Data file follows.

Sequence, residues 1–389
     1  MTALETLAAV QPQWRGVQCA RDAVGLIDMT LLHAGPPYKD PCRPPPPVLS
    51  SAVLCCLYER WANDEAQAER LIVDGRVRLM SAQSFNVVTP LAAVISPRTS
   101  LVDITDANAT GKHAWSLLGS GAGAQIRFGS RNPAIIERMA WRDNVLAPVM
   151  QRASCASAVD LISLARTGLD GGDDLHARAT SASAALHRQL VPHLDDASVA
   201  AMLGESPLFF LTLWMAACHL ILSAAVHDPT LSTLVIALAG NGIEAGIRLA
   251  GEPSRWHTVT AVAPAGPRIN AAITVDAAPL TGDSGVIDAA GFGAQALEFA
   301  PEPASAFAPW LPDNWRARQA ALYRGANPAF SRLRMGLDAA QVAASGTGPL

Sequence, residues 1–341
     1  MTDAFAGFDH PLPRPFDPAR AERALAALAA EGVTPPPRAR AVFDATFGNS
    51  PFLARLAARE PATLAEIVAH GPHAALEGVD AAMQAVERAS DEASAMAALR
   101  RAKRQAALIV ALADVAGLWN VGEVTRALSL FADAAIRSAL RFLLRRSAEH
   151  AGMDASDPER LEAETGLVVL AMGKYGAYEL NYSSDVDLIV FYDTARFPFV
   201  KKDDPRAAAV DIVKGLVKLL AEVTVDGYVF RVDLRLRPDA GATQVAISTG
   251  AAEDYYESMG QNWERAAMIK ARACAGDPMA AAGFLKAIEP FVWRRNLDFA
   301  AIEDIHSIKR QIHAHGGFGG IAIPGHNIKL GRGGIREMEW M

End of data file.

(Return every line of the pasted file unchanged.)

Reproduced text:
Sequence, residues 1–389
     1  MTALETLAAV QPQWRGVQCA RDAVGLIDMT LLHAGPPYKD PCRPPPPVLS
    51  SAVLCCLYER WANDEAQAER LIVDGRVRLM SAQSFNVVTP LAAVISPRTS
   101  LVDITDANAT GKHAWSLLGS GAGAQIRFGS RNPAIIERMA WRDNVLAPVM
   151  QRASCASAVD LISLARTGLD GGDDLHARAT SASAALHRQL VPHLDDASVA
   201  AMLGESPLFF LTLWMAACHL ILSAAVHDPT LSTLVIALAG NGIEAGIRLA
   251  GEPSRWHTVT AVAPAGPRIN AAITVDAAPL TGDSGVIDAA GFGAQALEFA
   301  PEPASAFAPW LPDNWRARQA ALYRGANPAF SRLRMGLDAA QVAASGTGPL

Sequence, residues 1–341
     1  MTDAFAGFDH PLPRPFDPAR AERALAALAA EGVTPPPRAR AVFDATFGNS
    51  PFLARLAARE PATLAEIVAH GPHAALEGVD AAMQAVERAS DEASAMAALR
   101  RAKRQAALIV ALADVAGLWN VGEVTRALSL FADAAIRSAL RFLLRRSAEH
   151  AGMDASDPER LEAETGLVVL AMGKYGAYEL NYSSDVDLIV FYDTARFPFV
   201  KKDDPRAAAV DIVKGLVKLL AEVTVDGYVF RVDLRLRPDA GATQVAISTG
   251  AAEDYYESMG QNWERAAMIK ARACAGDPMA AAGFLKAIEP FVWRRNLDFA
   301  AIEDIHSIKR QIHAHGGFGG IAIPGHNIKL GRGGIREMEW M